“One time we were hauling long timbers for the railroad company. 30 ft. long and it required 2 cars to haul the timbers on, a car under each end and it was pulled with 2 mules, one in front of the other which was called a double team.
“I myself was driving one of the double teams and a fellow by the name of Keene Lancaster was driving a single team just in front of me. We had quite a hill to go down about one fourth of a mile long and where the trainroad started off the hill, it went over a wood trestle and it was about 200 yards long from where it started at the top of the hill until it came to the lower end of the trestle.
“The trestle was 35 feet high in the highest part. It was a gradual slant to the lower end of the trestle and as we were on our way to the station at Monica with six loaded cars of railroad timbers and as said before, there was one single car in front of me and four cars behind me and when we started down the hill, the car in front of me, I waited at the top of the hill for him to get to the lower end of the trestle before I started down the hill.
“It was late in the fall, about the middle of November, and it had fell quite a frost the night before and there was quite a bit of frost on the track, and we had brakes on the front and rear cars of their double cars and when I started down the hill I got a cousin of mine at the top of the hill to brake the rear car down the hill.
“The fellow on the next car behind me was Derben’s double car load and when I started down before him I said to him, ‘Allen, you had better wait at the top of the hill until I get down, and I will come back and brake your rear car down the hill for you.’
“But instead of waiting, he turned over the hill just behind me, and I saw he wasn’t going to hold his cars with only one brake and I knew if I didn’t get out of his way, he would run into me about the middle of the bridge, and I whipped my team up and let up on my brake, and before I got down the hill my mules was in a long lope.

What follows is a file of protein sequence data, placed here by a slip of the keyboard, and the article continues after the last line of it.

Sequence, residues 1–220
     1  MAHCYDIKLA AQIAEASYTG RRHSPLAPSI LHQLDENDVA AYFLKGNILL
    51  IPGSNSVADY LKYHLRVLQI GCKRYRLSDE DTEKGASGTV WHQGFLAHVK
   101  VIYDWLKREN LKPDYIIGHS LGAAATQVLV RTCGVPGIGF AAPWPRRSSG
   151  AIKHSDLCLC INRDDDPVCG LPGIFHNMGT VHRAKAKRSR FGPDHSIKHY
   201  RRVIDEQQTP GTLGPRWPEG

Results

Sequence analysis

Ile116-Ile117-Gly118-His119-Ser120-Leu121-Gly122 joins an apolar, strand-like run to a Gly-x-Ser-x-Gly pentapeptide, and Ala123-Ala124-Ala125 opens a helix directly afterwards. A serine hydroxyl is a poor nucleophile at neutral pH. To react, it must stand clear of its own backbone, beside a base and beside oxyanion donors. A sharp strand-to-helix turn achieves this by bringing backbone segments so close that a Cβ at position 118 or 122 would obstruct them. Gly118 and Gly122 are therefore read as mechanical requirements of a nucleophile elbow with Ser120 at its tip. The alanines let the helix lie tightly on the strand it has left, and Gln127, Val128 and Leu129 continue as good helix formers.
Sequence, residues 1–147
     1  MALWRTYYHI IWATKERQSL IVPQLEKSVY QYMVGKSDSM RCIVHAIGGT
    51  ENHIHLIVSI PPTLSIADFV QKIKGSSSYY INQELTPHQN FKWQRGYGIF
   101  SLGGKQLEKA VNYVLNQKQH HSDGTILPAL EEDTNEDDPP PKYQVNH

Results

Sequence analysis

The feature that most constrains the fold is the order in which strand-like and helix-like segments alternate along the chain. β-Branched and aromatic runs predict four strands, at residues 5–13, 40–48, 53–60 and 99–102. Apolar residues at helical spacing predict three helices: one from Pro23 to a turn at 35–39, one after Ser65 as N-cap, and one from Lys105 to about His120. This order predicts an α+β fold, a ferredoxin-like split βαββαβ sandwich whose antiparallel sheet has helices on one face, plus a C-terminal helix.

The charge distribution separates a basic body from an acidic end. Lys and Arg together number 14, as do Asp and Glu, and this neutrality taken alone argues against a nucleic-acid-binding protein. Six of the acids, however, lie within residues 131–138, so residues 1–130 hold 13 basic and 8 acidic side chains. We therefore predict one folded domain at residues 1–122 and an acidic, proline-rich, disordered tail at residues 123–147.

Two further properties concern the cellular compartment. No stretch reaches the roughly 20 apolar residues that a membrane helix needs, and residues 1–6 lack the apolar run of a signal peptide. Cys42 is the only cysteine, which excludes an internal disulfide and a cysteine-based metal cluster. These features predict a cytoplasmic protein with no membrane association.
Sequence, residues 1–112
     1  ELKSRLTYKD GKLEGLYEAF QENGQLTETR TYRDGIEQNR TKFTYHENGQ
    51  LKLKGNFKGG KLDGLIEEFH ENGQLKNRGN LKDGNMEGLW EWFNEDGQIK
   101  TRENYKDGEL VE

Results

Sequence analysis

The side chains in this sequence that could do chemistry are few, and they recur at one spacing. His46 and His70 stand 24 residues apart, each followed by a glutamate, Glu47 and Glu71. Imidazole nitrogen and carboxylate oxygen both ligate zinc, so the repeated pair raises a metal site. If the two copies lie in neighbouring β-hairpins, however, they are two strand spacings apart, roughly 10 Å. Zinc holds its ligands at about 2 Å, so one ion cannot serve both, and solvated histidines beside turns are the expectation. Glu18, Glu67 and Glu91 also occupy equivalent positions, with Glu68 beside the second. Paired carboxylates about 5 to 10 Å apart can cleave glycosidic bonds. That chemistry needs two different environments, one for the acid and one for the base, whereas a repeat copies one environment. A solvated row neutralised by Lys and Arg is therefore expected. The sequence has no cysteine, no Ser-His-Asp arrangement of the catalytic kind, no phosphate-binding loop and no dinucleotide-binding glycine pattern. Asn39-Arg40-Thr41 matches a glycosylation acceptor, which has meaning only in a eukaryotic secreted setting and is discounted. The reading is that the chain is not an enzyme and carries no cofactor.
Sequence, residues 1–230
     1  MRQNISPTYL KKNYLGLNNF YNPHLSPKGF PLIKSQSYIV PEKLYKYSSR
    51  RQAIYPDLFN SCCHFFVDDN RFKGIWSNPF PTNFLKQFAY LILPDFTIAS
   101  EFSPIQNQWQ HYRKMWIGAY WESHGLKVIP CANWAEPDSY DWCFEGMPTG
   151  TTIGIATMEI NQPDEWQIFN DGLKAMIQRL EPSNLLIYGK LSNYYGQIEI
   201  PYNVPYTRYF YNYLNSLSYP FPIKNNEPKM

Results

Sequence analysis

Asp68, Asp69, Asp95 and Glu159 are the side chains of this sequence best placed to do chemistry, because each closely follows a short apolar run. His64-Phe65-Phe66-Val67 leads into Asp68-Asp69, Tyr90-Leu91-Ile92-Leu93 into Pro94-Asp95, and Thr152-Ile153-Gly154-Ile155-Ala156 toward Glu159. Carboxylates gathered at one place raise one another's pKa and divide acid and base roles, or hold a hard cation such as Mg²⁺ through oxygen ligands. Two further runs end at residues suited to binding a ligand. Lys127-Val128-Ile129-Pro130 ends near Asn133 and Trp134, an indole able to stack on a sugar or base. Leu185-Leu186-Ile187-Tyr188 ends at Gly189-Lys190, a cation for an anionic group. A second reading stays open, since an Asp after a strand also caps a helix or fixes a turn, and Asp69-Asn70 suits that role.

“As soon as I got to the lower end of the bridge, I jumped off my car and whipped my mules out of the track and as the hook that the stretchers was hooked to was turned sideways and the stretchers came loose from the cars and my mules just trotted out in the field.
“When Derben saw he couldn’t hold his cars with only one brake, when he got to the other end of the bridge, he jumped off the cars and turned the cars loose on the mules. When the cars got to the highest part of the bridge, it punched the mules off the bridge and they fell 35 feet to the ground.
This photo is not from Wolfe County, KY where this accident took place; it’s from Nacogdoches County, Texas. But it approximates the scene of sawed logs brought to a railroad siding by mule teams described in this story. Photo by John Vachon.
“It broke the wheel mule’s back, and throwed the lead mule way up on the hillside and hurt it very bad. It trotted out in the bottom and went to picking grass, but the other mule was never able to get up. It had to be killed, and some of the mules didn’t jerk the heavy loaded cars off the track and they came down and rammed into the rear end of my cars and the two heavy loaded cars rammed into the rear end of the cars ahead of my cars.
“The fellow that was driving the front car just had got off to open a gate when the cars hit his car and he didn’t have time to get the gate open, and it rammed the car, mule and all through the gate, and then they started down a small hill and about 40 yards ahead there was another gate, and then it rammed the front cars and the old mule thru the other gate. By that time myself and the driver of the car behind Derben’s car jumped on the cars and broke them down and got them stopped at the foot of the little hill.
“The company was notified and they sent some men to kill the wounded mule and take it off and bury it. Then we coupled the 2 cars together and hitched 3 mules to the double cars and we hitched the mule that wasn’t killed in front of my 2 mules and pulled them to the station and unloaded them, and drove back to camp and eat our dinner.”
Daniel Boone Childers (1873-1956)
born in Wolfe County, KY, on Holly Creek